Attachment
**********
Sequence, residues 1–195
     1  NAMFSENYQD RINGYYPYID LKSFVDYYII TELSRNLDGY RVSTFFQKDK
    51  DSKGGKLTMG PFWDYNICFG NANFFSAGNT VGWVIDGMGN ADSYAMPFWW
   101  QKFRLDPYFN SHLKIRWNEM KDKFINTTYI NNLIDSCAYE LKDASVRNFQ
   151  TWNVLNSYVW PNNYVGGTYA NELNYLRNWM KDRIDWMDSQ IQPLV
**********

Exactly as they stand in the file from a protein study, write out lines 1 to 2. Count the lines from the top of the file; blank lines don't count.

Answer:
Sequence, residues 1–195
     1  NAMFSENYQD RINGYYPYID LKSFVDYYII TELSRNLDGY RVSTFFQKDK